Introduction: Anti-PD-1 monotherapy has shown a limited therapeutic benefit in breast cancer (TNBC). In triple-negative breast cancer (TNBC), inducible nitric oxide synthase (iNOS) is associated with poor survival due to increased tumor aggressiveness. In cancer, iNOS product, nitric oxide (NO), is associated with the establishment of an immunosuppressive environment. Most patients do not, or only incompletely, respond to PD-1 inhibitors due to cancer-related immunosuppression. The purpose of the present study is to evaluate combination therapy anti-PD-1 plus NOS inhibition as a feasible combination for TNBC. Methods: BT-549, SUM-159, SUM-157, HCC-70, MDA-MB-231, and MDA-MD-468 TNBC cell lines and MDA-MB-436 HER2+ cell line were treated with NOS inhibition therapy (L-NMMA, L; 4mM) + amlodipine (A; 5 µM) daily for 48 h; Western blot was used to measure PDL-1 expression. BALBc mice growing orthotopically injected 4t1 cells were treated weekly with: 1) vehicle (saline, oral gavage/ Rat IgG2 i.p.); 2) NOS inhibitor [L-NMMA (200 mg/kg oral gavage)/mlodipine (10 mg/kg i.p.) on days 1-5]; 3) anti-PD-1 antibody (10 mg/kg i.p.; BioXcell Clone: RMP1-14, on days 1, 3, 5; or 4) NOS inhibitor + anti-PD-1. Humanized mice were developed by injecting hematopoietic stem cells (HSC, CD34+) into the tail vein of irradiated NOD-scid IL2Rγnull (NSG) immunodeficient mice. Six weeks later, human HSC engraftment was assessed by expression of human CD45, CD3, and CD20 in blood. Mice were sorted and TNBC patient-derived xenografts (PDXs) representing 12 different patients were implanted into the mammary fat pad (3 mice per PDX). Mice were sorted and treated weekly with: 1) vehicle; 2) pembrolizumab (anti-PD-1, 200 µg, day 1, IV); and 3) pembrolizumab/NOS inhibitor. Results: NOS inhibition increased PD-L1 levels in 6 out of 8 breast cancer cell lines. 4T1 syngeneic model was used to assess the potential benefit of NOS inhibition in combination with an anti-PD-1 therapy. No significant differences in tumor growth were observed between the single-agent therapies and the control group, but the combination anti-PD1/NOS inhibition resulted in a significant reduction in tumor growth. In the immune-humanized TNBC PDXs, 40% responded to anti-PD1 monotherapy, 60% had an improved response in combination with NOS inhibition, and 33% responded only to combination therapy. In total, 66% of the PDXs analyzed benefited from combination therapy. Conclusion: NOS inhibition upregulates PDL-1 expression in TNBC cell lines. Furthermore, coupling NOS inhibition with anti-PD1 therapy improved the antibody response. Additional analyses are currently in progress to identify biomarkers that will allow successful discrimination of responders and nonresponders. This combination treatment may benefit cancer patients who do not respond to anti-PD-1 monotherapy.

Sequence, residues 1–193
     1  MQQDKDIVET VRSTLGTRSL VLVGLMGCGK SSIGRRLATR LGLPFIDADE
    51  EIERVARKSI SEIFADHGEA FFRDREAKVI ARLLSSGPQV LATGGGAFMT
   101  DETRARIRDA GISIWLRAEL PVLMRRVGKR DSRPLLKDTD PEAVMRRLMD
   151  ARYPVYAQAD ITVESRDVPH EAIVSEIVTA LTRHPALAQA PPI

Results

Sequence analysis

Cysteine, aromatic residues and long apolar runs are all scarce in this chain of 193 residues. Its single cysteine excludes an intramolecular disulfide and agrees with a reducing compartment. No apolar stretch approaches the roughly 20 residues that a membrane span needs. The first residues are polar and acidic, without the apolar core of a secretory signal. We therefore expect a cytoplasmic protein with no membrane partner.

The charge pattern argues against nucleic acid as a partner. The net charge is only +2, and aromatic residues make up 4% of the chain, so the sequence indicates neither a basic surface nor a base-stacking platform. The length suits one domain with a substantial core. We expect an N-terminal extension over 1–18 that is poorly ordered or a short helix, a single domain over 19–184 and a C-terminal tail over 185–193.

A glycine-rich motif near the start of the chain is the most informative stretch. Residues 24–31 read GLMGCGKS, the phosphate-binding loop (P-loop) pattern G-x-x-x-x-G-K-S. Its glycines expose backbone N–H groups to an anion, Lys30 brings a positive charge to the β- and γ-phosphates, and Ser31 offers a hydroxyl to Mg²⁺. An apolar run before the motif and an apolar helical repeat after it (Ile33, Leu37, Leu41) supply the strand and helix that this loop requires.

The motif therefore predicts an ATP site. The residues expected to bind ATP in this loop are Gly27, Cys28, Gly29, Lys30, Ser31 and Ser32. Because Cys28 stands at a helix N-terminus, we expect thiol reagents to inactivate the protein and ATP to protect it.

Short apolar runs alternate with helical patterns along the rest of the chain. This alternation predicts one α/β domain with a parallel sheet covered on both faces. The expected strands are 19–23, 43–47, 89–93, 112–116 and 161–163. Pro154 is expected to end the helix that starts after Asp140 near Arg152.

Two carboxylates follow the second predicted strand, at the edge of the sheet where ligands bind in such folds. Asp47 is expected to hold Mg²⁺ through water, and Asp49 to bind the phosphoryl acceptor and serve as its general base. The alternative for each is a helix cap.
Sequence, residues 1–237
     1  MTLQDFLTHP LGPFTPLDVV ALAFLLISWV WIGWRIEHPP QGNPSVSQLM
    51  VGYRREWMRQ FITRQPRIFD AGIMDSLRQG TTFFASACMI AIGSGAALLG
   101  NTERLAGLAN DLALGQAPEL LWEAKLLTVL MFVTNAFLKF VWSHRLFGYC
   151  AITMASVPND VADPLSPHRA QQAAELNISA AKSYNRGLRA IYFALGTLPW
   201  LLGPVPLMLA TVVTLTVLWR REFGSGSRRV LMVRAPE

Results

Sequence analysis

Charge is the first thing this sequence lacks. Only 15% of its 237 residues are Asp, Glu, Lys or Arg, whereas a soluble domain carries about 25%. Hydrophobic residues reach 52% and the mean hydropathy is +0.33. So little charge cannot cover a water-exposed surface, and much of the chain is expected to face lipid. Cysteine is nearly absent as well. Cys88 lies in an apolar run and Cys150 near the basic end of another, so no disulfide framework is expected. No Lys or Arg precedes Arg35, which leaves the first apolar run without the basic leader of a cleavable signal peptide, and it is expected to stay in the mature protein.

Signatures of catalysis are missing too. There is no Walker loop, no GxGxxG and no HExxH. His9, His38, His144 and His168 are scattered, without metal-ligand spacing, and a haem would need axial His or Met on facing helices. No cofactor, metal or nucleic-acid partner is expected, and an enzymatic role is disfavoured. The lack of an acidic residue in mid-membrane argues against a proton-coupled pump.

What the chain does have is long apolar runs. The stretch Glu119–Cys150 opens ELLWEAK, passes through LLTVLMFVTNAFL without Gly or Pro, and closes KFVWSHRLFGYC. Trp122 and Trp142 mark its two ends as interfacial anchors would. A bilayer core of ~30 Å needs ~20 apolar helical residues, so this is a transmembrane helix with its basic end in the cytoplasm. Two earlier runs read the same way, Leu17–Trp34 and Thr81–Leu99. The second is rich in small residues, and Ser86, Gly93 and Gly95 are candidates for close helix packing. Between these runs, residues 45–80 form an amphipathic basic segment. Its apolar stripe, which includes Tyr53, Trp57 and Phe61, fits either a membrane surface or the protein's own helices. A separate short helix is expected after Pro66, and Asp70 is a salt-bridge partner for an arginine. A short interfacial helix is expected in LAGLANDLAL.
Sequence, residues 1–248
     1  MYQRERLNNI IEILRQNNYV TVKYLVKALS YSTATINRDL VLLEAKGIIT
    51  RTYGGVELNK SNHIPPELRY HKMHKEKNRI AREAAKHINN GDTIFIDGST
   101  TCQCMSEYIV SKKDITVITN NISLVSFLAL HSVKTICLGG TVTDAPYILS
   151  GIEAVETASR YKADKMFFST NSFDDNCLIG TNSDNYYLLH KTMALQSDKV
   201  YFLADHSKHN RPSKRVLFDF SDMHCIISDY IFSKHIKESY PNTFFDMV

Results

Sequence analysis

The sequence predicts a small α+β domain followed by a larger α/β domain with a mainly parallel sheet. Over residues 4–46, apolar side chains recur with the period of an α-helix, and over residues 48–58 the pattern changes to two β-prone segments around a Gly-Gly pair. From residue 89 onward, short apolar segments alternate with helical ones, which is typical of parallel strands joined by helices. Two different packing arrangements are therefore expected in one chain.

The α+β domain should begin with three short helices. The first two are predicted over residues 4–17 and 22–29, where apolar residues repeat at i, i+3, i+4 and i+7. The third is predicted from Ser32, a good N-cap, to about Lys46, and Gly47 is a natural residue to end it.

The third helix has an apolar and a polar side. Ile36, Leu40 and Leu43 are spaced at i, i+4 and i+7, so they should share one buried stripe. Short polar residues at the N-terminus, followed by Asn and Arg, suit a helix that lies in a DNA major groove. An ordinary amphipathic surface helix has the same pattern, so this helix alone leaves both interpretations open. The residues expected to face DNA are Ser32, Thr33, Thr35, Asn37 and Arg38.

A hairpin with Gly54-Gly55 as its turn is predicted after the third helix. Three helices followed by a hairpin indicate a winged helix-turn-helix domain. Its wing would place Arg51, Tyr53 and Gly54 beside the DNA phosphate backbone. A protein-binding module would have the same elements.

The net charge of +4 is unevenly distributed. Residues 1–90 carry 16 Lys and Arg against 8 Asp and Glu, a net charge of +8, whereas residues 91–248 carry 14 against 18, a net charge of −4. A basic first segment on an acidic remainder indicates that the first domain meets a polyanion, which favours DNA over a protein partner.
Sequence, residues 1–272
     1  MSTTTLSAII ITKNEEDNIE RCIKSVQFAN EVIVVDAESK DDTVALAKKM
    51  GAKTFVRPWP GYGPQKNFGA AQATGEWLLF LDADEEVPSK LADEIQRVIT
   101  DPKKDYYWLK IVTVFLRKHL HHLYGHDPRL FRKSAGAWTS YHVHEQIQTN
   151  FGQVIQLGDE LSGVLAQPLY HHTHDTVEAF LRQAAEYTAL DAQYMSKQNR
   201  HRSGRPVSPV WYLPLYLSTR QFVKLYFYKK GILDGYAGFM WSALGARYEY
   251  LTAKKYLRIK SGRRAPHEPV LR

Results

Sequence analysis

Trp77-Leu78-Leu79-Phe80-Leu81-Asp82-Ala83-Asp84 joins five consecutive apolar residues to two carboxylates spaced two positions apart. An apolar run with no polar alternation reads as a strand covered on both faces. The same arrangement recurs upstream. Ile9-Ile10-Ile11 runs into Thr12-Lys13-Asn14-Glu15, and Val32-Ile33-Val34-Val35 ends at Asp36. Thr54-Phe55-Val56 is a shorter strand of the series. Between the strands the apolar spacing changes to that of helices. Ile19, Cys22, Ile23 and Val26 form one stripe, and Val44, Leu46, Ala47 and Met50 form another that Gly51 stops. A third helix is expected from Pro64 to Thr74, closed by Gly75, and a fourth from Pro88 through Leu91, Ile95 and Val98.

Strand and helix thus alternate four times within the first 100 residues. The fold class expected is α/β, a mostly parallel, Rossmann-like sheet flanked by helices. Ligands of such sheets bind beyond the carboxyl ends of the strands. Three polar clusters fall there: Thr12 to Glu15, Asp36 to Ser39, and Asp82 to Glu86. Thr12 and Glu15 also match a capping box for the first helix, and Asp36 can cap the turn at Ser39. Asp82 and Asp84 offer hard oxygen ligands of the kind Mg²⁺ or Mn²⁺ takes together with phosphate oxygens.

Citation Format: Daniel Davila-Gonzalez, Roberto R. Rosato, Bhuvanesh Dave, Dong Soon Choi, Wie Qian, Anthony J. Kozielski, Wen Chen, Joe E. Ensor, Jenny C. Chang. Evaluating the combination of anti-PD-1 and nitric oxide synthase inhibition therapy in 12 triple-negative breast cancer patient-derived xenografts using a human-derived immune system model [abstract]. In: Proceedings of the AACR-NCI-EORTC International Conference: Molecular Targets and Cancer Therapeutics; 2017 Oct 26-30; Philadelphia, PA. Philadelphia (PA): AACR; Mol Cancer Ther 2018;17(1 Suppl):Abstract nr A202.